[en] The occurrence of the Three Mile Island (TMI), Chernobyl and Fukushima accidents in the past gives people a false belief that nuclear accidents are destined to happen. In fact, these accidents could have been prevented by the presence of strong safety culture. Based on a review of the history of nuclear power and nuclear safety, the paper examines how safety culture evolved over the years and how it can guide the future of global nuclear power development without repeating the past course of accidents. (author)
[en] The formation of safety culture requires an attempt to exert constructive influence on the sociopsychological atmosphere of the team and the behaviour of individual employees. By creating a value system for the organization’s staff, as part of its general organizational culture, it may be possible to forecast, plan and promote the desired behaviour. However, it is also necessary to take into account the corporate culture of the organization. Leaders often try to establish a safety culture, where progressive values and behavioural norms are declared, but the results obtained are not those expected. This may be because those values and norms come into conflict with the reality and, therefore, are actively rejected by many members of the organization. The theory of generations developed by the US scientists Howe and Strauss helps in the analysis and consideration of the staff values formed under the influence of many different factors. The development of safety culture may depend, among other things, on the age of the employees involved. (author)
[en] A recurring theme throughout this conference Exploring 30 Years of Safety Culture, was the precise denotation of the concept ‘safety culture’. ‘Safety culture’ is composed by two nouns, the subject culture, (arguably, the manifestations of human intellectual achievement regarded collectively), and the qualifier safety (that is the condition of being protected from or not exposed to danger or risk). In the expression safety culture, safety is not used as an adjective proper, but as a modifier of the noun culture, denoting a culture designed to prevent injury or damage. This use, while common in the English language, is imprecise and definitively objectionable in other languages Unsurprisingly, the expression ‘safety culture’ is subject to subtle different interpretations, particularly in languages other than English. The lack of a globally agreeable and precise understanding on what safety culture really means has caused significant bewilderment and has challenged its operationalization. Perhaps due to vagueness on the precise denotation of safety culture, it was argued during the conference that the concept should be considered intangible and therefore unfeasible to regulate as a whole and thus unable to be subjected to legally binding obligations. This was always clear in the nuclear area (e.g. safety culture is not a legally binding obligation under the Nuclear Safety Convention). During the session it became apparent that this also seems to be the case in other applications.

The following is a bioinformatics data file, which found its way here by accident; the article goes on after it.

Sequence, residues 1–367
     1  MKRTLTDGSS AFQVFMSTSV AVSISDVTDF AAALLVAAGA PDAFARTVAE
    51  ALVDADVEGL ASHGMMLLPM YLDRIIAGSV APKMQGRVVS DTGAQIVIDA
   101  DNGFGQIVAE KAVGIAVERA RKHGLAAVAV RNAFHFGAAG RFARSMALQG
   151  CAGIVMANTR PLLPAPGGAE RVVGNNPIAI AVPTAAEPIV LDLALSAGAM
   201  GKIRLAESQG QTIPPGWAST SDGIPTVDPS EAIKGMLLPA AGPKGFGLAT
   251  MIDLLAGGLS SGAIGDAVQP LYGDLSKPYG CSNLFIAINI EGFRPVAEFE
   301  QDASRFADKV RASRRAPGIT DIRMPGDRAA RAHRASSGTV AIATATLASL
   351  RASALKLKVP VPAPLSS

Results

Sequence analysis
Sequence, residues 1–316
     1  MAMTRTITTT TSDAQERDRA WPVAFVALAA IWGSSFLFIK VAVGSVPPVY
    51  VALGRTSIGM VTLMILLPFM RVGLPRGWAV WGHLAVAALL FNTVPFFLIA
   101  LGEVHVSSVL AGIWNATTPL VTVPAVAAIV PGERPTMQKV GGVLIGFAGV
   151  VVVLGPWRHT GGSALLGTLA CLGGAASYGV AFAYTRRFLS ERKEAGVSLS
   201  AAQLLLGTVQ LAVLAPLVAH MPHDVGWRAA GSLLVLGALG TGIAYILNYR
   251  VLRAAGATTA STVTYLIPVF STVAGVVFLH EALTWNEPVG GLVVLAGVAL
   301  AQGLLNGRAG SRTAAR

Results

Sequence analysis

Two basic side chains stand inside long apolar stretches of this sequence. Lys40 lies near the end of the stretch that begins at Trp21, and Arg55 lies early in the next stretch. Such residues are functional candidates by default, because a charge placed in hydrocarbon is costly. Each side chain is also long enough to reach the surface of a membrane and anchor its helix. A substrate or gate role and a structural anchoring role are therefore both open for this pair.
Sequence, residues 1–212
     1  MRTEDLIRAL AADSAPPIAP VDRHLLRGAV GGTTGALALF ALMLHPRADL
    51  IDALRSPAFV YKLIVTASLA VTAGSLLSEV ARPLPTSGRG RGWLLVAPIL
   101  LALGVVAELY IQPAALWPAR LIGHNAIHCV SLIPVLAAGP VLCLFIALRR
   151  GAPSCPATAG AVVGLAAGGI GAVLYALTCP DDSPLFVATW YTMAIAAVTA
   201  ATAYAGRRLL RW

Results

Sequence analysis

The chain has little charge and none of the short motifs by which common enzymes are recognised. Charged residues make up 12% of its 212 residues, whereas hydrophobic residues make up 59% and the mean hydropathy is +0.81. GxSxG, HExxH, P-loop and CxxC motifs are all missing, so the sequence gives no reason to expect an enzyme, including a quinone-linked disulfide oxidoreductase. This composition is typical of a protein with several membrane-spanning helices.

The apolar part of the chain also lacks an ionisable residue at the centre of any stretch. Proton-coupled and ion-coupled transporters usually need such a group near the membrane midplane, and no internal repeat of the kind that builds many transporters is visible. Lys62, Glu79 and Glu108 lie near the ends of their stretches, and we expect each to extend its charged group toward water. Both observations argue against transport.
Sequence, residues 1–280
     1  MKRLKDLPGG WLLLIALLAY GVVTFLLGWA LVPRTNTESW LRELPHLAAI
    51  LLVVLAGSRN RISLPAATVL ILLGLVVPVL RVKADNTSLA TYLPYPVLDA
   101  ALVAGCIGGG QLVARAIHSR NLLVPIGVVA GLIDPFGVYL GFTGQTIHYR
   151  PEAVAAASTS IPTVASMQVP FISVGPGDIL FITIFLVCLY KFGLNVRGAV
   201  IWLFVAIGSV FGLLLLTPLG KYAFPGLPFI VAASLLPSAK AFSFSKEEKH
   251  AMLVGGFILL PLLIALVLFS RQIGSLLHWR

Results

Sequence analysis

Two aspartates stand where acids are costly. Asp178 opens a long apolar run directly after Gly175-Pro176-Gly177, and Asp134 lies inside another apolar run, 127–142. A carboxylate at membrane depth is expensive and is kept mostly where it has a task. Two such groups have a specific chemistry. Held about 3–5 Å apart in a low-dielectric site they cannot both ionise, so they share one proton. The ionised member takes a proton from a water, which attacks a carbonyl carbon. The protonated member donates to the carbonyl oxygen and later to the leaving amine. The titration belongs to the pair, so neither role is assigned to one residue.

[en] The culture of an organization starts at the top, but a long lasting robust culture comes from embedding the values throughout the organization. In taking forward improvements in cultures for safety in an organization, be aware though, of creating a ‘hyperculture’, or at least an impression of one — where some view the culture as: just pretty words, not practical things to change, or just another way of management beating me around the head. Do not use culture for safety characteristics as a check list, but as a framework for understanding. It is the outcome that matters. The culture for safety change in an organization is transformational, not about how can we change them. Finally, two essential points: — Culture for safety is intangible and cannot be regulated; it is culture for safety, and for every other sort of outcome – for success, for security, there cannot be more than one culture in an organization. — And for everybody, safety; culture for safety, is not just about NPPs, it’s about all those activities that use nuclear energy for peaceful purposes.